Wolf management idea makes sense

[Consider the source]:


March 23, 2017 9:51AM

Washington Department of Fish and Wildlife managers are offering an idea they believe would help them manage wolves more effectively.


Washington Department of Fish and Wildlife managers are offering an idea they believe would help them manage wolves more effectively.

If one follows the wolf issue long enough, occasionally a nugget of common sense appears.

Such is the case with a recent suggestion the folks at the Washington State Department of Fish and wildlife offered. Speaking during a conference call with the state Wolf Advisory Group, WDFW wolf policy coordinator Donny Martorello offered this idea: that dead livestock be considered “qualifying” victims of wolves if the time, circumstance and location of their deaths parallel other confirmed depredations.

In other words, if a carcass is found near those of other wolf victims but scavengers have destroyed the evidence directly linking the attack to wolves, state wildlife managers could label it a “qualifying” attack.

Previously, such cases were considered “probable” attacks and were not counted against a wolfpack. Under the Washington wolf plan, managers can kill only wolves that are responsible for four confirmed depredations within a year.

While this may seem to be a bureaucratic splitting of hairs, it’s critically important for managing wolves. Under the new idea, if wolves are found to be responsible for four depredations, including any that are “qualifying,” managers could take steps to get rid of the wolves.

A study found wolfpacks that are thinned soon after attacking cattle or sheep get the message that attacking livestock is unacceptable. By including qualifying attacks, managers could act quicker to thin the ranks of wolves instead of waiting weeks or months for another confirmed depredation.

If managers thin a wolfpack after a long period of time, the wolves have no idea whether it is linked to a depredation, according to the study.

The idea is to manage wolves in a way that is both effective and assures ranchers and others that each step is effective.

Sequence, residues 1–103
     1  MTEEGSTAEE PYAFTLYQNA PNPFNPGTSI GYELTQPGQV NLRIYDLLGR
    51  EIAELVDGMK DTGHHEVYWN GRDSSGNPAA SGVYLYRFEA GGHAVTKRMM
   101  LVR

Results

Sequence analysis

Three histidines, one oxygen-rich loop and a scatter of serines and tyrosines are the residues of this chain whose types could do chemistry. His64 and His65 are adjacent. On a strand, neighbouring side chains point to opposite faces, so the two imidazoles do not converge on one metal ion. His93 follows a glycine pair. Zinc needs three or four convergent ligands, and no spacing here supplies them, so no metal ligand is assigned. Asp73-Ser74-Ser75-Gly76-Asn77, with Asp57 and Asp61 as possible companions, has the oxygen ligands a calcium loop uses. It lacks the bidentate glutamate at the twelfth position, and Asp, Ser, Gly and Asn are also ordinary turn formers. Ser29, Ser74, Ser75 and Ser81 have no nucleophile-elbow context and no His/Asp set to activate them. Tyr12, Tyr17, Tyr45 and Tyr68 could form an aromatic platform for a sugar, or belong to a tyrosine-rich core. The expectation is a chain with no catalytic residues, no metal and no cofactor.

That in itself is good reason for the department to adopt such a common sense rule.

It’s also something wolf managers in other states would do well to consider.

The state Wolf Advisory Group will discuss the idea during a March 29-30 meeting in Olympia. We urge the group to take a close look at it, as common sense can be a rare commodity when dealing with wolves.


9 thoughts on “Wolf management idea makes sense

  1. Are you serious? This is the worst idea ever. I live in WA state and am involved with wolf recovery. This action allows more wolves to be killed sooner–which is what the ranchers want.
    Despite the fact that wolf- caused deaths are 0.01% of annual cattle deaths, Martorello can’t wait to kill more wolves to please welfare ranchers on public lands. Unsworth and Martorello are working for a wolf hunt and total eradication of the wolves. And remember, Unsworth, director of WDFW came from Idaho–where he dropped the wolf population from around 1600 to 400 ( if that).

  2. This is not that nugget of sense. It is a jump start to the kill mode of manage to. Ranchers are still encroaching on leased public land in wolf country. It is a plan endorsed by a conservation organization which is really not about conservation, but rancher support. Supposedly, if they hurry up and kill a few wolves in an offending pack, they will not have to kill them all, so they supposedly save wolves, thus they call it “management” and “conservation” First orders of management should be the rancher not being there in the first place, if he is, emphasis on non lethal management.

  3. I thought from reading one of the recent articles about WA wolves that they already included ‘probables’? It stood out in my mind because it should be a ‘definite’ before an animal is killed. I always wonder how they can verify a predator-killed animal anyway, from one that a predator found after the fact and had eaten? Livestock die from many things, and of course we know that the unscrupulous bait wolves and coyotes, and the Cubic Zirconia Ranch as been known to run cattle in wolf denning areas without regard to F&W guidelines or cooperation.

  4. This quote from the article tells all:

    “The idea is to manage wolves in a way that is both effective and assures ranchers and others that each step is effective.”

    “Management” is for the humans, not to benefit wildlife. The “managers” need the management, not the wolves. This antiquated carryover from the likes of wolf-killer Leopold, and Teddy Roosevelt still works quite well for those who see wild animals are targets, competition to livestock, & “resources.”

    Livestock Grazing does not belong in the arid west. Actually, it doesn’t belong anywhere on the planet with Climate Change now upon us.

  5. I can’t believe this is their brilliant new plan….kill wolves sooner, maybe kill less, but probably not.
    Stop catering to the goddamn ranchers and get their livestock off public land, a better plan.

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